Characters: Nicole and Morgan are both flawed with different secrets and regrets. I think the book could’ve had more secondary characters to make it tougher to guess who the antagonist is.

Quote:

“It’s amazing what you can get caught doing when you think no one is watching.”

Writing: It’s a short read at a little under 300 pages. The chapters alternate between Nicole’s perspective beforehand and Morgan’s point of view in the present. I found the story interesting, and the writing simple. The author explores postpartum depression, anxiety, and mental health. It wasn’t too descriptive or too dialogue heavy.

Final thoughts: The ending wraps up loose ends. It’s not the most realistic read, so at times, I had to suspend disbelief. I enjoyed the beginning and ending more than the middle of the novel. If you want to read a thriller about motherhood, check out Woman on the Edge.


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Reading

A Gambling Man – David Baldacci | A Book Review

A Gambling Man - David Baldacci

Title: A Gambling Man

Author: David Baldacci

Genre: Thriller

About the book: It’s the second novel in the series that follows Aloysius Archer who works for a private investigator named Willie Dash. A politician running for mayor comes to them with a blackmail case. The story is set in Bay Town, California during the late 1940s.

I received an advanced reader copy from Hachette Book Group in exchange for an honest review.

First impressions: I’ve read the first novel, One Good Deed, and many of Baldacci’s works. I don’t really remember what happened previously, but I could follow along just fine. The beginning starts slow as the author builds the setting of the story.

Characters: Aloysius Archer, Willie Dash, and an aspiring actress named Liberty Callahan grew on me. I found it easy enough to keep track who was who. Aloysius and Liberty are strong characters individually, so I was a fan of their relationship.

Quote:

“The ultimate loyalty is to put the interests of many above your own.”

Writing: The pacing picks up at the middle and end of the novel. I love the short chapters told in third person. There’s more description in the beginning and more dialogue later on.

Final thoughts: The twists and turns throughout the story were executed well. I felt like the ending wasn’t the most unpredictable, but it was enjoyable nonetheless. If you’re looking to pick up a fun historical thriller, I would recommend A Gambling Man.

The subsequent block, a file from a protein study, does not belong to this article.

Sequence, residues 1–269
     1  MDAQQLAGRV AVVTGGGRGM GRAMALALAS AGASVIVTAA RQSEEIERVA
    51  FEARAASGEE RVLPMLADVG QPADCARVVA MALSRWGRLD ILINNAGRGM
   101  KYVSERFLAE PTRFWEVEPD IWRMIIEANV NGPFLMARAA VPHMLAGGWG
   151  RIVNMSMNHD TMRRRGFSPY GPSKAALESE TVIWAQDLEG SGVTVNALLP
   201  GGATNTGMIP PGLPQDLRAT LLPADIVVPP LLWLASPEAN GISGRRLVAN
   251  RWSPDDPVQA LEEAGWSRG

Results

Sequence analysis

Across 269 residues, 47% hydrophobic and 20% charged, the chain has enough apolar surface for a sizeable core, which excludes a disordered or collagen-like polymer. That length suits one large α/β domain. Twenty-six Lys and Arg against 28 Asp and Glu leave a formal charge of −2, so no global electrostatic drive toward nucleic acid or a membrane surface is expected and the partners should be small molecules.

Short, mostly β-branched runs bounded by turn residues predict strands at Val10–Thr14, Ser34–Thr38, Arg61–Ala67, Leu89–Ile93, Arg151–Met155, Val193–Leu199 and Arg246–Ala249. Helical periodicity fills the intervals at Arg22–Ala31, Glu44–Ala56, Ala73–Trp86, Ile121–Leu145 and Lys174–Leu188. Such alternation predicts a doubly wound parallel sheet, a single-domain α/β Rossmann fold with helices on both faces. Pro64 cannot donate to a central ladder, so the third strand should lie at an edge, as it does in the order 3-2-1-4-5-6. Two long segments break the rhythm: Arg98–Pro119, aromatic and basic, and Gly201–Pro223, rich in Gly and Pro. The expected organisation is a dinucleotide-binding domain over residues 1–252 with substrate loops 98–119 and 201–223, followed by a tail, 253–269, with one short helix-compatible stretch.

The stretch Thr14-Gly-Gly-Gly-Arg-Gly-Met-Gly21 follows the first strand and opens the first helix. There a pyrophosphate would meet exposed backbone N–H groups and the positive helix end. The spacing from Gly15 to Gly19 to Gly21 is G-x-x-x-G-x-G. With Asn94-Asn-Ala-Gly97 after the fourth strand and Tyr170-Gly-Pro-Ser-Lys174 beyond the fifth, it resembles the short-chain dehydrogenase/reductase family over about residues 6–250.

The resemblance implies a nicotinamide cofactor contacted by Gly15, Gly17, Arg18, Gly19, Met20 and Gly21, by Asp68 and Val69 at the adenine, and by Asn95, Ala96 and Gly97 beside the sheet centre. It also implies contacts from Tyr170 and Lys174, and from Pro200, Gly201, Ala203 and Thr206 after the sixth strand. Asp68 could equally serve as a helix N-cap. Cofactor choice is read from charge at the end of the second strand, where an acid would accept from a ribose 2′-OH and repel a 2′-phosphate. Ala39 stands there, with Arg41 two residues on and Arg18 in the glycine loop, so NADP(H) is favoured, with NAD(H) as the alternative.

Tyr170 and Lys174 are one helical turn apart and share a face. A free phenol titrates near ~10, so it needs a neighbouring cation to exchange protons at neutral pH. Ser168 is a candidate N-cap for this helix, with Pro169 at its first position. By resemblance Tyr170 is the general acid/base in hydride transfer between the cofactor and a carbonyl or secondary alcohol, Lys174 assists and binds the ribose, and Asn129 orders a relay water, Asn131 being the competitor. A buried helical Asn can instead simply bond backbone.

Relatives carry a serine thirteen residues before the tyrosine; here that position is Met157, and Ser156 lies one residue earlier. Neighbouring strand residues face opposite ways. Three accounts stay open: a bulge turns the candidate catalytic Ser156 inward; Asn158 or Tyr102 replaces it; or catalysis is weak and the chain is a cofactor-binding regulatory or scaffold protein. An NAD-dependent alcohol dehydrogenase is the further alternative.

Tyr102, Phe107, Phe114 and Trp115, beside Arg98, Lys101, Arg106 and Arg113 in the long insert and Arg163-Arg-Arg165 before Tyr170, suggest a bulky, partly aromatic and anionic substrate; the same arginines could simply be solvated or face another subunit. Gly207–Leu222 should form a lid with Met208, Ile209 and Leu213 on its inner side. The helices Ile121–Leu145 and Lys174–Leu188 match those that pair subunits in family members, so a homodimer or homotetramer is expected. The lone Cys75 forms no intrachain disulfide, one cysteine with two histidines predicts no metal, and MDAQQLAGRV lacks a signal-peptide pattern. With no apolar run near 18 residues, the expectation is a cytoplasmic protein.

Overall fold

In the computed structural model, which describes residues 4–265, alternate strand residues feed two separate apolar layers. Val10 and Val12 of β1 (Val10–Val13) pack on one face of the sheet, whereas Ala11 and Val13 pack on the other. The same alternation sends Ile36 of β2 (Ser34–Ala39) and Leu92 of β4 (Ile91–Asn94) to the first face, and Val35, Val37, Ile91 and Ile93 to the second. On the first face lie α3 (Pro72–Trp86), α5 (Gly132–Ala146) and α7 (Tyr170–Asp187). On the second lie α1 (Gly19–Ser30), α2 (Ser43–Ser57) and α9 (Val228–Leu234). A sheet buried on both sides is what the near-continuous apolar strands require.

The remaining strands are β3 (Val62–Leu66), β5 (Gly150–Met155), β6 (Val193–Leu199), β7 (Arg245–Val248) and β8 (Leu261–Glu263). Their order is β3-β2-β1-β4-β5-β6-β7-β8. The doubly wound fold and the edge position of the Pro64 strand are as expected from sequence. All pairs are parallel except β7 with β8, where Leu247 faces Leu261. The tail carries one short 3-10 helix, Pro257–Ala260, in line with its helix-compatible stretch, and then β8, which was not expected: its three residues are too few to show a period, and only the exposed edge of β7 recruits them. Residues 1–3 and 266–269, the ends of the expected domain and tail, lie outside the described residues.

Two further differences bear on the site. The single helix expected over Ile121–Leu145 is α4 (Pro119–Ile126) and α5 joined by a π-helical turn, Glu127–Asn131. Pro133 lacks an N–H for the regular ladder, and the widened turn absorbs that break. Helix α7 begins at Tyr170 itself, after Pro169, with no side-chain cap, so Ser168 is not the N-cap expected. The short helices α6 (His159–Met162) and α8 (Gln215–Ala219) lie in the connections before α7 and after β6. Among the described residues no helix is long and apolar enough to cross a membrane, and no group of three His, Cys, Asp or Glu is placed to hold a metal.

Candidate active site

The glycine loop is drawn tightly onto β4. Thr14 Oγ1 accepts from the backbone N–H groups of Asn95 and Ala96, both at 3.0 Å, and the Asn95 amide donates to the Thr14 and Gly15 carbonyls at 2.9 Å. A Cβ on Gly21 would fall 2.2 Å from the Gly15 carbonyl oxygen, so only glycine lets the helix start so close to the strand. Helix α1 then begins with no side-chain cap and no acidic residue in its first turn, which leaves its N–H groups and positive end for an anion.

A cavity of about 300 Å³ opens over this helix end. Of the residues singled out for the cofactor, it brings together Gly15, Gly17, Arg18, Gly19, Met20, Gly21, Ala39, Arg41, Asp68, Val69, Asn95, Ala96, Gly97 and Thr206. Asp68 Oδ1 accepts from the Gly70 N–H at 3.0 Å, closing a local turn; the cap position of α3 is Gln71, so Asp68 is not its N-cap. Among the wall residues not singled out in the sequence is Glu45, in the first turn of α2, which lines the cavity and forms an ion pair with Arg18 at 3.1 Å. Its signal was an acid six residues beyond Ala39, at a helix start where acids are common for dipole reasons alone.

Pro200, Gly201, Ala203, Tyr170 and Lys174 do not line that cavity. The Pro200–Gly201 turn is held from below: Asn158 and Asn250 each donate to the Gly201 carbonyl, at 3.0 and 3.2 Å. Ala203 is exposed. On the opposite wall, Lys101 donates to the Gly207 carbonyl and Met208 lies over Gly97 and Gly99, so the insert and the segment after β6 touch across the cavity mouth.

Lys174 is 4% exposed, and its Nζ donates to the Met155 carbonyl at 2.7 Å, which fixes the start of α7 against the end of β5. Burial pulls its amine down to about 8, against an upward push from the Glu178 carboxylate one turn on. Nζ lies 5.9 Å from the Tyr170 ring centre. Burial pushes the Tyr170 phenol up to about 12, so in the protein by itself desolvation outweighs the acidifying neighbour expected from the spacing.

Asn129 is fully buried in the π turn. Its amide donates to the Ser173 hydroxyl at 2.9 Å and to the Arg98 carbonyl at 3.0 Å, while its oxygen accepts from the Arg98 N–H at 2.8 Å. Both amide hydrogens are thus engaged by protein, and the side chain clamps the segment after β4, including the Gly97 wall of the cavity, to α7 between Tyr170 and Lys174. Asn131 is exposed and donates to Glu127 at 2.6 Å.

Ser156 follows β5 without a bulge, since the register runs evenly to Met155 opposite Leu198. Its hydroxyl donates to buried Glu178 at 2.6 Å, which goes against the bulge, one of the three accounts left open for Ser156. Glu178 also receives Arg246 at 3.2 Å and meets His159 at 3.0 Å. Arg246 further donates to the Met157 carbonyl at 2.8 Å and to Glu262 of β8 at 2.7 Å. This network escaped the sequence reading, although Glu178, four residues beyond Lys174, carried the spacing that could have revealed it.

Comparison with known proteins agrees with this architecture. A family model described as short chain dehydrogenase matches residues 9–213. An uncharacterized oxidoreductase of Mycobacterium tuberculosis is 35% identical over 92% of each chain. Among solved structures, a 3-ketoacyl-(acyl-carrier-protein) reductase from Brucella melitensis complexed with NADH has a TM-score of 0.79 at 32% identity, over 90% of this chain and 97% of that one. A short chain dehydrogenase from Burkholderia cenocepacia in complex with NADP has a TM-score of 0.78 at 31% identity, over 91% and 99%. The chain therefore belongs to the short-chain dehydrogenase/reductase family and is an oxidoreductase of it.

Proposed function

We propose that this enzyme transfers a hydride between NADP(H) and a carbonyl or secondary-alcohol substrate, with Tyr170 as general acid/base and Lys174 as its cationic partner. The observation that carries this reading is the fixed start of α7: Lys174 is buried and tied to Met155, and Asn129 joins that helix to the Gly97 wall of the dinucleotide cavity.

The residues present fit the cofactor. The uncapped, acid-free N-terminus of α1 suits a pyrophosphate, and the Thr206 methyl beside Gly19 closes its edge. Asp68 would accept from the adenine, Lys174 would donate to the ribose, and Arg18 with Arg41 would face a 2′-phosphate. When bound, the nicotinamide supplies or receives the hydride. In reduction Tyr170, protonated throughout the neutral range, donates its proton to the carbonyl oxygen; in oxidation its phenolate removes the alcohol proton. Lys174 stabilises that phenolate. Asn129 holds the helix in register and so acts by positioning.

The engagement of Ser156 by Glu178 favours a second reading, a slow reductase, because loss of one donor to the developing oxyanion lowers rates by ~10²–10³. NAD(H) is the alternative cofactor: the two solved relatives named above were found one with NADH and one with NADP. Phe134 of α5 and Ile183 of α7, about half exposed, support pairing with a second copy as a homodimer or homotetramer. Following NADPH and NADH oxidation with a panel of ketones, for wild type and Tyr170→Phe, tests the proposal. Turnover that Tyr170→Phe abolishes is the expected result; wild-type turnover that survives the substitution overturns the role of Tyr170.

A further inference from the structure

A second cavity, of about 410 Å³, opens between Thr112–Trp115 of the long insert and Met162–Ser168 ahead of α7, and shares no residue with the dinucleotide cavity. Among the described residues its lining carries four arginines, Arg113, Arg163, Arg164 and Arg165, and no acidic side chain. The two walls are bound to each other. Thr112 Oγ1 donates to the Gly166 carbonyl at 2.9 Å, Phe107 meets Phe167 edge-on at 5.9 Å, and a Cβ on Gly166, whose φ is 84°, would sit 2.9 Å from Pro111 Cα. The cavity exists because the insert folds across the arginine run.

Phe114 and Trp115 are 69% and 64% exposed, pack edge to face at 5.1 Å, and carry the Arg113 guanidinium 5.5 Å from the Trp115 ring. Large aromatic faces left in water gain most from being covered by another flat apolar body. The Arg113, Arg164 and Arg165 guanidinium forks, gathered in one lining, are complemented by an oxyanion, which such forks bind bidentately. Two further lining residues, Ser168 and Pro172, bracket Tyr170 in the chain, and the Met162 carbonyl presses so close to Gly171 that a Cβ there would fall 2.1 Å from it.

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Reading

A Man Named Doll – Jonathan Ames | A Book Review

A Man Named Doll - Jonathan Ames

Title: A Man Named Doll

Author: Jonathan Ames

Genre: Mystery

About the book: It follows Happy Doll who is a private detective by day and a security guard at night for a local Thai spa. When Lou Shelton, an old friend appears at Doll’s doorstep with a bullet in him, he tries to figure out what happened to Lou.

I received a reader copy from Hachette Book Group in exchange for an honest review.

First impressions: I’ve never read anything by Ames before, but the premise drew me in. The book is short at a little over 200 pages, so I anticipated it being a fast-paced read. I enjoyed how the author sets up the beginning of the story.

Characters: The novel lives up to its title in that it revolves around a character named Doll. I liked learning more about him, especially his past and seeing how past events shaped who he is today. Due to the short length of the book, there isn’t much space to explore other secondary characters in much depth.

Quote:

“He’d seen the worst in people and thought the worst of people.”

Writing: It’s broken up into 3 parts with short chapters. The story is told in first person point of view from Doll’s perspective, and he has a quirky sense of humour. I haven’t read a lot of noir books, so the different style made for an interesting reading experience. There are some graphic scenes and mature language.

Final thoughts: I had no idea how it would end, but it felt like everything was wrapped up almost too quickly and easily. If you want a quick read featuring a unique character who makes questionable choices, consider checking out A Man Named Doll.